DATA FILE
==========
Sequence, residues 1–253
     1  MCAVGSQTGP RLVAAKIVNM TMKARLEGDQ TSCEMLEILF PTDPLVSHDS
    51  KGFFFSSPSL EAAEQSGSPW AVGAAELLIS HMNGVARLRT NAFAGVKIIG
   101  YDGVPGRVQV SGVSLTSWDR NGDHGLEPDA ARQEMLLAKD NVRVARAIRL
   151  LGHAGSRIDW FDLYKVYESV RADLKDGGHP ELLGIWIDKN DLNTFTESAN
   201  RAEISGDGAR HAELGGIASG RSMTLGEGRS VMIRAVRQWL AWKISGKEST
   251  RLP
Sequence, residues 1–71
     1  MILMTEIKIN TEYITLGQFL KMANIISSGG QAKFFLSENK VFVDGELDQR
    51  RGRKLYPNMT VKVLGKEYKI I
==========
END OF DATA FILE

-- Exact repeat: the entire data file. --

Sequence, residues 1–253
     1  MCAVGSQTGP RLVAAKIVNM TMKARLEGDQ TSCEMLEILF PTDPLVSHDS
    51  KGFFFSSPSL EAAEQSGSPW AVGAAELLIS HMNGVARLRT NAFAGVKIIG
   101  YDGVPGRVQV SGVSLTSWDR NGDHGLEPDA ARQEMLLAKD NVRVARAIRL
   151  LGHAGSRIDW FDLYKVYESV RADLKDGGHP ELLGIWIDKN DLNTFTESAN
   201  RAEISGDGAR HAELGGIASG RSMTLGEGRS VMIRAVRQWL AWKISGKEST
   251  RLP
Sequence, residues 1–71
     1  MILMTEIKIN TEYITLGQFL KMANIISSGG QAKFFLSENK VFVDGELDQR
    51  RGRKLYPNMT VKVLGKEYKI I